Gun-control activists marching 50 miles to Smith & Wesson HQ


WORCESTER, Mass. (AP) — Gun-control advocates, including one of the survivors of the Parkland, Fla., school shooting and the parents of one of the victims, are marching 50 miles across Massachusetts this week to the headquarters of gun manufacturer Smith & Wesson as part of a youth-led push for stricter gun laws.

About 40 students and supporters set off from downtown Worcester in central Massachusetts this morning holding signs denouncing gun violence and chanting slogans criticizing gun makers and the National Rifle Association. They're destined for Smith & Wesson's headquarters in Springfield, where they'll have a large demonstration Sunday.

As he set off with marchers, David Hogg, a survivor of the February massacre at a Parkland high school who has since become a prominent gun-control advocate, emphasized the importance of turning the energy of nationwide demonstrations into lasting political change.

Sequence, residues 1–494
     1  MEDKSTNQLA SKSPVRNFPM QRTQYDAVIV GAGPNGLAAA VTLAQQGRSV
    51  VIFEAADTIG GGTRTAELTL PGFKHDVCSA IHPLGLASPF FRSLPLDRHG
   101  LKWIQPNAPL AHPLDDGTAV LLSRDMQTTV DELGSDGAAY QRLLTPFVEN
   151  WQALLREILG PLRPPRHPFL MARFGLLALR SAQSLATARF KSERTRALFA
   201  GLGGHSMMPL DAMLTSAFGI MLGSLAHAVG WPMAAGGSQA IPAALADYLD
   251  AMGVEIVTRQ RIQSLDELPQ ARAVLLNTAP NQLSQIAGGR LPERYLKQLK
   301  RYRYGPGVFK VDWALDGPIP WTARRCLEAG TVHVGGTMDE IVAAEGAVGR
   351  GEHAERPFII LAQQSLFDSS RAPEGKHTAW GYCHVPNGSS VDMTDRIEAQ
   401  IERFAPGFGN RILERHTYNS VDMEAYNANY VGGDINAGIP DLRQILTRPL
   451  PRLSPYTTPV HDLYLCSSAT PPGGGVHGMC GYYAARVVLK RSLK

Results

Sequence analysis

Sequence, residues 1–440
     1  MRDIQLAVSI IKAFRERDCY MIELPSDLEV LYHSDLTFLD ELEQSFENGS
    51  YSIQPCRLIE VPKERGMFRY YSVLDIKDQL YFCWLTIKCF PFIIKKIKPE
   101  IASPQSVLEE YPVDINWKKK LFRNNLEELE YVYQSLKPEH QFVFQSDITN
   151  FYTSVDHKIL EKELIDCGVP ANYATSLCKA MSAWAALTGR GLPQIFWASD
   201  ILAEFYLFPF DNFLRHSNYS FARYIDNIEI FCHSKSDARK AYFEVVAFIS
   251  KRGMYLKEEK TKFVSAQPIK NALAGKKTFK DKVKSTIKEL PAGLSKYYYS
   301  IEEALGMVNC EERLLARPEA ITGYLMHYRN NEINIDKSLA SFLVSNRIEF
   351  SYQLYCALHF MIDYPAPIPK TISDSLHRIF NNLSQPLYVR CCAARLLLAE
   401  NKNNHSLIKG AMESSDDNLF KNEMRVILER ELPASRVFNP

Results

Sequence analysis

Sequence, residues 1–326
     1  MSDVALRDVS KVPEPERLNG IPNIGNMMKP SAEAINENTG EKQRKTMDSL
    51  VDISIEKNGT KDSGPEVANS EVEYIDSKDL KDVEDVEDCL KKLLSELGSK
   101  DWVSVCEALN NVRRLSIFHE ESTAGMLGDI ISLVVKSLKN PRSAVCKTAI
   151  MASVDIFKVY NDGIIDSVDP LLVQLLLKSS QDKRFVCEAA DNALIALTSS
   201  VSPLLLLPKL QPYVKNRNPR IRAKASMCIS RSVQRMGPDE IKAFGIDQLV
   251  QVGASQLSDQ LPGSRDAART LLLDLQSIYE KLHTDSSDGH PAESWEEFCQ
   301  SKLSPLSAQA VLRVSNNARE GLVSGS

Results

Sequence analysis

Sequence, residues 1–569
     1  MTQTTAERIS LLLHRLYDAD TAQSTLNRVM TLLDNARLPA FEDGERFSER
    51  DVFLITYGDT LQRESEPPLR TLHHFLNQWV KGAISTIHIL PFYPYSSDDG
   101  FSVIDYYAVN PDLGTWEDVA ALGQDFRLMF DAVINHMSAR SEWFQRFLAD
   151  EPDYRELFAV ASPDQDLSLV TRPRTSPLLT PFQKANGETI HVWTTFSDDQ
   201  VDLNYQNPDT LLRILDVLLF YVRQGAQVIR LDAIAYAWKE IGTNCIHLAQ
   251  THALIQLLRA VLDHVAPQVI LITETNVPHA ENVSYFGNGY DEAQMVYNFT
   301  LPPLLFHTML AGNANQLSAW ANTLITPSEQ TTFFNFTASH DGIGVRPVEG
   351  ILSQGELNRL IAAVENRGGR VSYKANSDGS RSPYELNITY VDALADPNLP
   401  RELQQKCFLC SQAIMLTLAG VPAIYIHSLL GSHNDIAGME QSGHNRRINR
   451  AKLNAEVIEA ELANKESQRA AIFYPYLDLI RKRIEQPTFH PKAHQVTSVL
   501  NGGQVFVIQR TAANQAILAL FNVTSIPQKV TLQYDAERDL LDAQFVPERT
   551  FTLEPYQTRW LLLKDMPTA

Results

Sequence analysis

"The kids of America have to stand up when our irresponsible politicians won't," he said. "We're here to elect morally just leaders that will protect us as Americans."

Manuel and Patricia Oliver, the parents of a Parkland shooting victim, also joined marchers and condemned Smith & Wesson for making the powerful rifle used to kill their 17-year-old son, Joaquin Oliver, and 16 others at Marjory Stoneman Douglas High School.

Manuel Oliver said the weapon isn't even allowed to be sold in the company's home state because of Massachusetts' strict gun laws. "That's an ironic situation," he said.

Spokespeople for the gun-maker didn't respond to requests for comment this week.

The company's headquarters was the site of a similar demonstration during March's nationwide protests against gun violence.

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